Tuesday, November 6, 2012

Let Your Light Shine

I have written about my daughter several times.  She is one of the most amazing people I know, thus worth writing about.  Today my thoughts go back to her as a five year old.  We had just moved here, to NC and left behind her best friend, Molly.  We had also left behind her beloved Montessori school, and Mrs. Kelsey.  Montessori was a fabulous experience for Allie.  She was very motivated and self directed.  She flourished in this environment so much so that we were contemplating letting her attend kindergarten there as well.  This was huge coming from two very pro-public school parents!  But then we moved and that settled that question.  We registered our kids in the neighborhood school because we missed the deadline for magnet schools.  Cary Elementary was a far cry from what Stephen had experienced in Bethesda Elementary and an even farther cry from Allie's Montessori school.  Allie had the hardest time adjusting to the differences. 

Allie from the time she could speak had a very firm grasp on right and wrong and fair and unfair.  I know she is not that different from most kids at that age, but she verbalized her opinions much stronger than most kids her age.  So walking into a traditional kindergarten classroom was a shock.

Allie was taller than most five year olds, but extremely skinny.  I would buy dresses several sizes big to get the length, and then the dress would just wrap around her little body.  So when she came running down the hill from the bus stop, she would billow!  It was quite amusing.  What wasn't so amusing was the big note that inevitably would be pinned to her chest.  She would always jump in my arms needing to be held and reassured after a day away from me.  After that, and while she was snacking, I would read the note.  "Allie was on yellow today because she would not put her work away when it was circle time."  That was the gist of all the notes.  I would sit down with her and ask about what happened.  She would cry and explain that she wasn't through yet and Mrs. Kelsey always said to finish your work before you moved on.  I would calmly explain that Mrs. Postal's class was different.  "But it is unfair!"  would ultimately pour out of this little girl's mouth.  I would hold her as she would then spill every unfair thing that had happened that day.  You see, Allie didn't just observe the unfairness around her, she felt it.  Physically.  She would absorb all that unfairness and wrongness, and then come home to let it out on me.  Yes, to say that kindergarten was a hard year would be an understatement.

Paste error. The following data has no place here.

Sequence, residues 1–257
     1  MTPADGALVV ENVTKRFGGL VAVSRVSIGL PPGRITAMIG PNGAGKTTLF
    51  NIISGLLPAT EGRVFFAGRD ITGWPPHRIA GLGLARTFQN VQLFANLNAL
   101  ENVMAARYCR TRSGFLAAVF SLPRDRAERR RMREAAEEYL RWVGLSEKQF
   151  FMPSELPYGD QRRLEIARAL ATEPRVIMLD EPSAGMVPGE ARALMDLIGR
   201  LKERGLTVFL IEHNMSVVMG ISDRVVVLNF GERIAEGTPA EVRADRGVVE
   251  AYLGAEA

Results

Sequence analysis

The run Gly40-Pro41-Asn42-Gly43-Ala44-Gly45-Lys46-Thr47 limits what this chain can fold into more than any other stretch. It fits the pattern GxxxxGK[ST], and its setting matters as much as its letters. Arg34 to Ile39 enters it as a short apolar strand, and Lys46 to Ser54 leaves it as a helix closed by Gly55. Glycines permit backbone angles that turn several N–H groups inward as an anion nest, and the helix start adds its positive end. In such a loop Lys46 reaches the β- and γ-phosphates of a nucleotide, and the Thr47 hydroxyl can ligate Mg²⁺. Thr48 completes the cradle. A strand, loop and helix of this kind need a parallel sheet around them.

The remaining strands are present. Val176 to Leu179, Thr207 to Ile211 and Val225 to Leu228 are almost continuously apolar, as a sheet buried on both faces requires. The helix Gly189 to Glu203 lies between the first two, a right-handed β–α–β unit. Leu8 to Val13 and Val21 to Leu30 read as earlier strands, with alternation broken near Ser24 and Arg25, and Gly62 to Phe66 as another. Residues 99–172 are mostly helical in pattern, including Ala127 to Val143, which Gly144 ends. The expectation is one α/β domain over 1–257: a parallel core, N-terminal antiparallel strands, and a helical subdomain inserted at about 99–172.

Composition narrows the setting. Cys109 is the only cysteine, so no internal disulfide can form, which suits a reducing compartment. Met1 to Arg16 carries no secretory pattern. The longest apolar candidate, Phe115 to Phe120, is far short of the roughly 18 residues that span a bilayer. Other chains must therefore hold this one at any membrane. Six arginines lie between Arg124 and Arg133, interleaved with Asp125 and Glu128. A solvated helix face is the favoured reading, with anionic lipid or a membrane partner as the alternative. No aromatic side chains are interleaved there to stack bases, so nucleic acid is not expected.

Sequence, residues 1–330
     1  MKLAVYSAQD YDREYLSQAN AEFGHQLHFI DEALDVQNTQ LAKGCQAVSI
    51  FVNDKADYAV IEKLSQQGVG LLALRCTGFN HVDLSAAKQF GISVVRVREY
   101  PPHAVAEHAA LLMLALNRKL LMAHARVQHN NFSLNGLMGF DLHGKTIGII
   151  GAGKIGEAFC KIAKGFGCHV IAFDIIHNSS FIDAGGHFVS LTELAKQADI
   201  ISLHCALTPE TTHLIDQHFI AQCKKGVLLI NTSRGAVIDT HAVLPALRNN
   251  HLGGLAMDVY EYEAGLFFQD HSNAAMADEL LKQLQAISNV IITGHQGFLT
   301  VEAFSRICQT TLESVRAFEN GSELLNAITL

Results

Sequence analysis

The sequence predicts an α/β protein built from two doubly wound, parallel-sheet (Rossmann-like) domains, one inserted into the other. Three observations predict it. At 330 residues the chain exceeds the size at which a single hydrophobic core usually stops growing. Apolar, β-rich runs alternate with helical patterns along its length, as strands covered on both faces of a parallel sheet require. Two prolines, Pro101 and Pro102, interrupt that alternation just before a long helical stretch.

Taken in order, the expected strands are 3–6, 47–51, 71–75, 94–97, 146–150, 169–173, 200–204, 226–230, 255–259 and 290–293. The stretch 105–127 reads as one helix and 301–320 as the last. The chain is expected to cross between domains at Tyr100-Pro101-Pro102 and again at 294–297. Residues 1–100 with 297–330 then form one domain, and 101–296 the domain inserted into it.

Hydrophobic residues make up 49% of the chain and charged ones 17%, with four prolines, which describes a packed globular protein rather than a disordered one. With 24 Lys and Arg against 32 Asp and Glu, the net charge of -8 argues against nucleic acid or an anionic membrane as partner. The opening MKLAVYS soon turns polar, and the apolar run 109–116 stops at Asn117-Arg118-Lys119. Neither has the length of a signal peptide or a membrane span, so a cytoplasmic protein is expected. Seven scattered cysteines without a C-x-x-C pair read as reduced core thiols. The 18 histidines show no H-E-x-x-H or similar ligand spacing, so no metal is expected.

This is the narrative of Allie's kindergarten experience that gets retold.  But there is another narrative that lurks there under the surface.  Mrs. Postal had a full-time aid, Mrs. Mujica.  Mrs. Mujica saw Allie.  She saw the bright little girl who stored hurts, just like she did.  She saw the leader in Allie, the resilience, the bravery, the heart.  She became Allie's champion.  Often, when Mrs. Mujica could see that Allie was struggling, she would take Allie with her on "errands".  She would talk to her and build her up.  Almost as often as a note was pinned on Allie's chest, a note would be tucked in Allie's lunchbox.  This note would be from Mrs. Mujica.  "Allie, what a great smile you had today as you worked.  I noticed you helping Sara.  Thank you.  Love, Mrs. Mujica"  She wanted Allie to know that she was good and that the goodness had been seen.   Mrs. Mujica was a pet lover, so when we got Sunshine, they bonded over their dogs.  I think Mrs. Mujica played a big role in Allie coming to accept Sunshine, actually.

What could have been a terrible experience for Allie turned into a cherished memory.  I am not saying that it wasn't hard for Allie and for me, but Mrs. Mujica brought light where darkness could have reigned.  In fact, Allie wants to be a Kindergarten teacher one day. 

On this day, a day that holds significant importance, we need to stop and think about the Mrs. Mujica's.  We often reflect only on the negative and overlook the positive.  Whoever wins this election we will still be here.  There will still be poor people, sick people, hurting people.  This world will still need light.  So, as the election comes to a close this evening and we all learn who will lead us, let us not focus on the dark, the negative.  Let us see the positive, let us be the light where we see darkness. 

Mrs. Mujica died when Allie was in 6th grade.  It was a tragic loss, not only for her young family, but for the many children and families she touched.  Even though she is not here to continue lighting our world, I know my family shines brighter because of her.  I wonder how many lives Allie will shine light into because of knowing Mrs. Mujica.

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